Learning policy from other countries

Ross DeVol from the Milken Institute has a piece in the Atlantic’s Secrets of Innovation special report on The 8 Best Innovation Ideas From Around the World. This are:
 • Singapore’s education and human capital policies
 • Canada’s high-skill immigration policies
 • Finland’s R&D policies
 • Switzerland’s tax policies
 • Israel and Germany’s small business growth policies
 • Great Britain’s technology transfer and commercialization policies
 • South Korea’s business support policies
And as DeVol points out, there are surely others we could come up with. Now, I have to say I might not agree that all the policies from other nation’s would be either appropriate or effective in the U.S. circumstance. Not is it clear that we could simple package this group of policies together in a coherent fashion. For example, I don’t know if the Swiss tax system could support the Finnish R&D spending policy or Singapore’s education system.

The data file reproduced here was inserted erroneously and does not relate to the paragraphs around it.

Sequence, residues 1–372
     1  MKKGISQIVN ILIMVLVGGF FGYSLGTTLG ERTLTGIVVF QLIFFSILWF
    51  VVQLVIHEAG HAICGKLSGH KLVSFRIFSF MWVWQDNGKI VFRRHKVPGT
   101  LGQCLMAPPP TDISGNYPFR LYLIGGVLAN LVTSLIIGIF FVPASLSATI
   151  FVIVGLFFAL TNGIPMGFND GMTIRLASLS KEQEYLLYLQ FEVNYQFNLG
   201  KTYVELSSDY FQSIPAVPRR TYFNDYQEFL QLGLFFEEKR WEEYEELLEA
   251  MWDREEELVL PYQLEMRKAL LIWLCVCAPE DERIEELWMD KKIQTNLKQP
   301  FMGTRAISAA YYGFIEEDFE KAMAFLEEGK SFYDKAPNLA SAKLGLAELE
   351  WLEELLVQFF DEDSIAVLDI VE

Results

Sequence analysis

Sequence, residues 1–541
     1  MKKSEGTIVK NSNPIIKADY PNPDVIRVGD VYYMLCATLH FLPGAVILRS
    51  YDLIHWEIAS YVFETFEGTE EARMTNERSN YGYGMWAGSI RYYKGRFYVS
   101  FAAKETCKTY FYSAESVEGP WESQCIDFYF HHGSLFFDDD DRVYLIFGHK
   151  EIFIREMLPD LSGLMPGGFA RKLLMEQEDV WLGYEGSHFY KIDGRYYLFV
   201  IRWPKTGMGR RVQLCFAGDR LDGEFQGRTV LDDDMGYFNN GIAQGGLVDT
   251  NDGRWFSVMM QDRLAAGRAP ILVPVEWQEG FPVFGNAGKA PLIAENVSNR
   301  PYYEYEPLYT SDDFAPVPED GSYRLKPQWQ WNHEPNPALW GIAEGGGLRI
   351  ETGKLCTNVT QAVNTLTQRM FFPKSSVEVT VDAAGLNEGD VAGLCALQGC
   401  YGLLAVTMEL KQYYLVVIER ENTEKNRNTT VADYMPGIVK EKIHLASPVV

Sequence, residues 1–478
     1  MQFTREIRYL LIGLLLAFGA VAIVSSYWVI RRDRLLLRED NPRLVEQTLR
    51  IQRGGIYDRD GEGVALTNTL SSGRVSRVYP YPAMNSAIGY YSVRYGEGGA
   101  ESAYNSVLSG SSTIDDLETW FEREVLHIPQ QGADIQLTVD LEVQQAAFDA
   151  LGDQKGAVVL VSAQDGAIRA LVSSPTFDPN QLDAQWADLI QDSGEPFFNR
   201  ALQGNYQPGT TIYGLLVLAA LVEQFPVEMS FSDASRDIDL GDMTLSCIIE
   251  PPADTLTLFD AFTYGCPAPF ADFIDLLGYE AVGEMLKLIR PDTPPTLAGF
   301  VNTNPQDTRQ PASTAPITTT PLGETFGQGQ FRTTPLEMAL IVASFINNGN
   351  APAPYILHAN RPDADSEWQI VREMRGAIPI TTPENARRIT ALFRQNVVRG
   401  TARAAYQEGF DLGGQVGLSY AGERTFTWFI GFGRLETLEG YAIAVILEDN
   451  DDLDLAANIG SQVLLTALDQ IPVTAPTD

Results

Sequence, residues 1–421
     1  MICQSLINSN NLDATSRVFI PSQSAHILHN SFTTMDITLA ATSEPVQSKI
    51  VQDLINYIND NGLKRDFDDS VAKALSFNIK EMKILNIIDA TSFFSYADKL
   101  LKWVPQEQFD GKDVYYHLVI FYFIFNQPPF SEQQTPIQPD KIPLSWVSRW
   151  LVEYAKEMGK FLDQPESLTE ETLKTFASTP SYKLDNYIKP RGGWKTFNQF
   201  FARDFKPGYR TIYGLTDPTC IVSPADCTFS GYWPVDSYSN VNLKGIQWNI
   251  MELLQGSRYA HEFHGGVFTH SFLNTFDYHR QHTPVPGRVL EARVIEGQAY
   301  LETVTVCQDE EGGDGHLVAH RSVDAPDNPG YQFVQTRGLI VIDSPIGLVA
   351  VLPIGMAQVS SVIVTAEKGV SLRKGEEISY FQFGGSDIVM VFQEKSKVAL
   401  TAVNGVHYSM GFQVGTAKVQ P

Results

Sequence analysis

But are regular readers of this blog know, I consistently argue for looking at the innovation policies of others and adopting them as appropriate. In that regard, I completely agree with DeVol’s bottom line: “If the U.S. can reformulate a group of strategies similar to those on this list, it could catapult itself to renewed preeminence in global innovation.”
The problem, as he also points out, such an innovation strategy would require consensus visionary leadership. And regardless of what you think about our leaders’ vision or lack there of, it is clear there is no consensus on a direction. To the extent we remain divided we will also be rudderless.
I recognize that the U.S. has always had its internal differences over policy. A 60% win by a President is considered a landslide and a mandate (no President has gotten more that 61.1% of the popular vote). But we now have a political system that rewards blocking action rather action.
Maybe we can forge consensus around some of these items. One example might be the recent bipartisan bill by Senator Coons and Rubio — which includes a few of the elements listed above (see earlier posting). So, lets look at the list and see what we can accomplish – a step at a time.

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